When, where and why do diseases jump from animals to humans? A new project will monitor how changing seasons, land use and human behavior affect viral outbreaks in wild rodent populations, in order to identify hotspots with a high probability of spreading to humans. The project is led by Barbara Hahn, a disease ecologist at the Cary Institute of Ecosystem Studies, in an international team of scientists from the Smithsonian Institution, the Royal Veterinary College, the University of Oxford and the University of Glasgow.
Until now, it has been difficult to study how changes in environmental conditions affect virus transmission in the wild. With $2.9 million in funding from the National Science Foundation and an additional $1.9M in support from the UK’s Biotechnology and Biological Sciences Research Council, the new project overcomes this challenge by combining traditional disease ecology approaches with the recently proven tool of metaviromics.
Unlike other genetic sequencing techniques, which are quite targeted, metaviromics will allow the team to scan for a wide range of viruses in mice and see how they’re changing over time and space, Hahn said. The research will focus on RNA-based viruses; such as coronaviruses, hantaviruses and enteroviruses -; Many of which pose a higher risk to humans.
This study will be an important test of the use of metaviromics to identify potential new epidemics. “The methods developed here have very broad applicability across many potential pathogens.”
Samuel Scheiner, Program Director, Division of Environmental Biology, National Science Foundation
Viruses are more likely to jump from animals to humans when the animal host has a high viral load and frequent contact with humans, explains James Hassell, a wildlife veterinarian and epidemiologist in the Global Health Program at the Smithsonian’s National Zoo and Conservation Biology Institute. “And the likelihood of the virus reaching high levels or potentially infecting people depends on the season, how dense the animal population is, and how often they come into contact with people.”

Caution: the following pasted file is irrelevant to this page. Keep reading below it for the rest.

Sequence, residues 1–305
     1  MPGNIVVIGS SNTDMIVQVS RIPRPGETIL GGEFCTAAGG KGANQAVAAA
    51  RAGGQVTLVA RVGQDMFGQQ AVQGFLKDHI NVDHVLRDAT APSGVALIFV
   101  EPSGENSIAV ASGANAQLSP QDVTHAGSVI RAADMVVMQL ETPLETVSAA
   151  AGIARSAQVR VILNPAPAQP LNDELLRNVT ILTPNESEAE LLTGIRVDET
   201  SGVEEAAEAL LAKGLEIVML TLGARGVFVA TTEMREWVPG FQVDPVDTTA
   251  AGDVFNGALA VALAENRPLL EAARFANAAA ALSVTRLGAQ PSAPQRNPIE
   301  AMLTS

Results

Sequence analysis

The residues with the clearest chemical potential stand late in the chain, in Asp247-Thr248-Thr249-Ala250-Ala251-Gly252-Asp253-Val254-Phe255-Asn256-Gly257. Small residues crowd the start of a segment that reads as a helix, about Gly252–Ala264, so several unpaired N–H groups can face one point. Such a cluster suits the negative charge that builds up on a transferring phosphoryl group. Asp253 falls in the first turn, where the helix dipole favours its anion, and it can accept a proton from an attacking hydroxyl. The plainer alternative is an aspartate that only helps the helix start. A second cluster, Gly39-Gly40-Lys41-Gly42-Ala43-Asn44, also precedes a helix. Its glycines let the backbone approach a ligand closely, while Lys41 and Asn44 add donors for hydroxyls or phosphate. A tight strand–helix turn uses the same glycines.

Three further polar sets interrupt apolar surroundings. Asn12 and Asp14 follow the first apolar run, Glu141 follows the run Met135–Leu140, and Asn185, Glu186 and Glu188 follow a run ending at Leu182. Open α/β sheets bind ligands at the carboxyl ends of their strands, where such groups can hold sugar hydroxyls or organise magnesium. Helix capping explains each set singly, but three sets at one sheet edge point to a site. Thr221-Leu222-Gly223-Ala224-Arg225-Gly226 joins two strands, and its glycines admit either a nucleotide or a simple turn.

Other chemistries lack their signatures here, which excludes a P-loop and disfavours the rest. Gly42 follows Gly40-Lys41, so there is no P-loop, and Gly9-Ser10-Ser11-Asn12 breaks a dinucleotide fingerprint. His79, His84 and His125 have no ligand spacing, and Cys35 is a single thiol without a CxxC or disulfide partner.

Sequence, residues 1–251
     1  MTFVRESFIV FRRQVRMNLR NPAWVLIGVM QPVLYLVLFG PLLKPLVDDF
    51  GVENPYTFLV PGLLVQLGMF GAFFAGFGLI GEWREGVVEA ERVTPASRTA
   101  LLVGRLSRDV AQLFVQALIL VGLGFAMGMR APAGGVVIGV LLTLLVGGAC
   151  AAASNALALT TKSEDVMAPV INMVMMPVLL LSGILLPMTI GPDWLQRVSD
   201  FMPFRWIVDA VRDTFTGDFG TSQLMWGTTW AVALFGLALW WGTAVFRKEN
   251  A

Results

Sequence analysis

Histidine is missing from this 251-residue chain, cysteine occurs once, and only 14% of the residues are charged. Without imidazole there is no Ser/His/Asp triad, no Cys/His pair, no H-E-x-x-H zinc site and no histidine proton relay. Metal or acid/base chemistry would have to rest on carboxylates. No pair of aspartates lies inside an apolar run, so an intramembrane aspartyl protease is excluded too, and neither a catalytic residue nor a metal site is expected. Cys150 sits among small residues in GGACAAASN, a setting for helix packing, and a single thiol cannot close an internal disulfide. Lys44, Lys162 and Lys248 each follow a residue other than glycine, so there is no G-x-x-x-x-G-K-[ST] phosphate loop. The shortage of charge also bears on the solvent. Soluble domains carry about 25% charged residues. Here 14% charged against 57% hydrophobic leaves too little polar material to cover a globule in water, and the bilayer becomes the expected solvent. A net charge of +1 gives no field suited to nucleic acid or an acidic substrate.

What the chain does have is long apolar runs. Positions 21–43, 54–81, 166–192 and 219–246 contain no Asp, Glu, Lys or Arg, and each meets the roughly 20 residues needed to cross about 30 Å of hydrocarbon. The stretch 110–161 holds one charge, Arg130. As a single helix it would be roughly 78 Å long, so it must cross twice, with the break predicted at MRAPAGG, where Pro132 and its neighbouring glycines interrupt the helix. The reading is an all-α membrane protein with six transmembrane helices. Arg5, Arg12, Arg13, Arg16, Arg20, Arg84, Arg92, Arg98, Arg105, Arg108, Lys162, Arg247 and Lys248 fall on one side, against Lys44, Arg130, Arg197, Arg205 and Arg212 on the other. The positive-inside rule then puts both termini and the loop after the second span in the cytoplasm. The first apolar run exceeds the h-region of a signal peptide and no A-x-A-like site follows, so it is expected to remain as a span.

The team will explore these dynamics between wild mice and the viruses they carry in both the UK and eastern Uganda. The project focuses on rodents because they are responsible for more zoonotic diseases than any other mammalian order. Many rodent species live in close proximity to humans and are highly responsive to environmental changes.
Field work is a large component of the project; This involves trapping mice, tagging them, and collecting stool samples for viral RNA extraction. Radio frequency identification tags will help researchers track the health and viral load of individual mice and estimate their movement, range and social contact.
To identify key drivers of virus transmission in seasonal environments, the team will track wood mice (Apodemus sylvaticus) in Witham Woods, UK for three years.
The eastern Uganda site, where forests are being converted to agriculture, will help reveal the effects of land use change on rodent populations and viral dynamics. Rodents will be observed across a variety of landscapes, from forests to fields and villages. The team will estimate the frequency of rodent exposure through questionnaires, household rodent infestation measurements, and human movement and land use activity data.
“These types of human-animal contact data are difficult to obtain, but can give us a powerful new view of pathogen transmission at a complex interface spanning different environments and seasons,” said Christina Faust of the University of Glasgow, who led the work. in Uganda in collaboration with country partners.
Artificial intelligence will be used to analyze how these factors and others interact to influence virus abundance and spillover risk. “Machine learning is a really powerful way to look at data from a different perspective,” Hahn notes, “and it reveals patterns that you wouldn’t be able to see otherwise.”
Jayna Raghwani from the Royal Veterinary College added: “Combined with mathematical modelling, metaviromics data brings us closer to both measuring and predicting when viruses actually emerge in the wild.”
Results will inform disease surveillance efforts in changing environments, help identify emerging diseases before they become epidemics, and guide strategies to reduce spillover risk.
“This project is fundamental to being able to make better, more effective predictions about viral emergence at scales where management can actually reduce disease emergence,” Hahn said.